Former Prime Minister Joseph Muscat gave his blessing for then MFSA CEO Joe Cuschieri to continue drawing an additional pay packet from the regulatory authority, a parliamentary committee heard on Tuesday.
Apart from his pay as CEO, which was over €100,000, Cuschieri also requested to be paid for his role as an ex-officio member of the MFSA’s board.
In a parliamentary hearing before the public appointments committee on Tuesday, MFSA chairman John Mamo said he had sought advice from Muscat after an internal audit committee at the financial regulator flagged how Cuschieri was drawing this extra pay over and above his remuneration as CEO.
Replying to questions by PN MP Karol Aquilina, Mamo said he had turned to the former Prime Minister because at the time, he was responsible for the MFSA.
Mamo recounted how Muscat informed him that he was “under the impression” that the MFSA CEO was entitled to this extra pay.
The MFSA chairman said he too agreed Cuschieri should draw a pay as an MFSA governor, as the role came with its own set of responsibilities that were separate to his job as CEO.
Mamo said this stance was confirmed by former Finance Minister Edward Scicluna when responsibility for the MFSA was transferred to him.
However, the MFSA chairman said the decision to grant Cuschieri this extra pay was later reversed after the Finance Ministry sought further advice about the matter.
Cuschieri resigned last November after Times of Malta revealed he took an all expenses paid trip to Las Vegas with murder suspect Yorgen Fenech shortly after being appointed to the financial regulator in 2018.
Mamo said Cuschieri and Fenech were “friends from the MGA”.
Cuschieri headed the MGA between 2013 and 2018, and was responsible for regulating the gaming sector, in which Fenech’s Tumas Group is heavily invested.
The MGA is being sued by Tumas rivals Dragonara Gaming for an alleged illegal extension of the Portomaso casino concession run by Tumas Gaming. The extension was granted when Cuschieri still headed the MGA.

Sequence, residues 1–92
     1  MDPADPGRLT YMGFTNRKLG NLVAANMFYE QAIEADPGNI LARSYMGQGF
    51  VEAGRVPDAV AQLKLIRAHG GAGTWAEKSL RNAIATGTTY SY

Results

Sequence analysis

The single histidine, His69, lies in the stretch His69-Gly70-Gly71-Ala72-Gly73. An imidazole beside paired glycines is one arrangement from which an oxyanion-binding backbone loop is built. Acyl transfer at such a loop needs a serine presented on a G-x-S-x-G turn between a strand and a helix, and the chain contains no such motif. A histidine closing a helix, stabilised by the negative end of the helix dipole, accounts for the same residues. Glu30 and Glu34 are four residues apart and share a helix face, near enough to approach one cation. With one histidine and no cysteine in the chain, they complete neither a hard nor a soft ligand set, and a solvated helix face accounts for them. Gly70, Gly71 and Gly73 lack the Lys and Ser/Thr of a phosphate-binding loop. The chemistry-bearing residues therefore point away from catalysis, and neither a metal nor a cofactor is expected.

Las Vegas trip a 'misdemeanour'
Questioned about the Las Vegas trip during the committee meeting, Mamo said it was a “misdemeanour”, not an enormous offence.
Mamo said that the internal inquiry into Cuschieri had been concluded but had for “some reason” not been published.
Asked if he thought the inquiry report should be published, Mamo said he had no strong feelings either way.
“It did not have much substance,” Mamo said of the inquiry headed by former chief of justice Joseph Azzopardi.
On regulatory failures by the MFSA, Mamo acknowledged that the regulator had not kept pace with the sector's growth.
“There were certain deficiencies that were pointed out to us by the IMF and Moneyval, particularly on authorisation and supervision. We filled these holes," Mamo said.
Mamo said the now shuttered Pilatus Bank and Satabank were two “accidents” that were unfortunate for Malta, pointing out that money-laundering had taken place at these two banks.
He argued that such failings also occurred in much larger jurisdictions.
The committee meeting was characterised by frequent interruptions from government MPs, who objected to Mamo being pressed on certain issues by Aquilina.
“You can ask questions, not interrogate, you can ask for explanation about things. We are here to see if he should be appointed or not. This is not a court, this is parliament,” PL MP Joe Mizzi interjected at one point.
At the end of the meeting, the committee voted in favour of Mamo’s re-appointment, with all four government MPs voting in favour and the three PN MPs voting against.
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